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Bridging on Astria

Fee payments

With the Astria Sequencing Layer, transaction data touches three different chains: the sequencer chain, the data availability chain, and the rollup chain. Each of these requires a fee payment for DoS prevention. If each chain requires a different token for fee payment, this causes a poor UX. Many rollups built on Ethereum allows for bridged ETH to be used to pay fees, alleviating UX concerns, as users only need to obtain one, widely-available token (ETH).

We can do something similar with the sequencer network. Assuming the data availability network’s token is the most easily accessible and established, we can bridge the DA token to the sequencer network to use as fee payment, and also bridge the DA token to the rollup via the usual rollup bridging (deposit derivation) method. In our case, this means bridging TIA (Celestia) to Astria via IBC, and allowing it to be used for fee payments. Then, a rollup can optionally choose to accept (IBC-)TIA as a token for fee payments as well.

Rollup Bridging

To bridge tokens to a rollup built on Astria, the rollup needs to add the ability to derive deposit transactions from the sequencer or DA network. In general, rollup deposits work as follows:

on the L1, tokens are transferred to some escrow account/contract. the rollup consensus node, which derives the L2 transactions from L1 data, sees these deposits, and includes a corresponding “deposit” transaction in the next L2 block, which is a distinct transaction type. the L2 node executes these deposit transactions, minting synthetic funds on the L2 to the respective account. A rollup on Astria would have to implement something like this to bridge from the sequencer/DA to it.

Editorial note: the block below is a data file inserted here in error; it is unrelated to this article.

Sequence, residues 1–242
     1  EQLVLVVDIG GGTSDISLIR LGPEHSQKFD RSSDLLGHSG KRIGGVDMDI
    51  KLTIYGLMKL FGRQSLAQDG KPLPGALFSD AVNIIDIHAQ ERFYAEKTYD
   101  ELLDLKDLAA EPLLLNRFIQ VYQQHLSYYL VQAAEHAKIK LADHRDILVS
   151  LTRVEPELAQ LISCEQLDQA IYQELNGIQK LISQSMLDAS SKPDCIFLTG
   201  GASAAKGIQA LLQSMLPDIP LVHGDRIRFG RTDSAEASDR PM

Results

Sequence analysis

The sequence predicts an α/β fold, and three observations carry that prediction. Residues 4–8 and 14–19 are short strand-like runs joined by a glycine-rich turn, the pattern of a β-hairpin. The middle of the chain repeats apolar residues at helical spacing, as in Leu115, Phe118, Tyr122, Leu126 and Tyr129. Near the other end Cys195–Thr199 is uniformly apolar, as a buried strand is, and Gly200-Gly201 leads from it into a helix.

Bridging back to the L1 requires proving rollup block state roots on the L1. This is the “optimistic” or “ZK” parts of the rollup. To implement bridging from a rollup on Astria back to the sequencer or DA network, we need to add functionality to verify rollup state rollups on them. On the sequencer, this would mean enshrining some sort of state root verification actor in the sequencer’s state machine, which could be instantiated by the rollup and used to bridge to the sequencer. Since we’re using Celestia as DA, which does not support any sort of programmability, the only way to bridge from the rollup to Celestia would be first through the sequencer, then back to Celestia through IBC.


IBC (inter-blockchain communication) is a standard used by Cosmos/CometBFT chains to pass messages between each other in a trust-minimized way. Since Astria uses CometBFT, it is IBC-enabled and able to bridge tokens between other IBC-enabled chains. To see more details about IBC, see the spec.

Celestia is also IBC-enabled, and we expect to bridge TIA from Celestia to Astria for fee payments.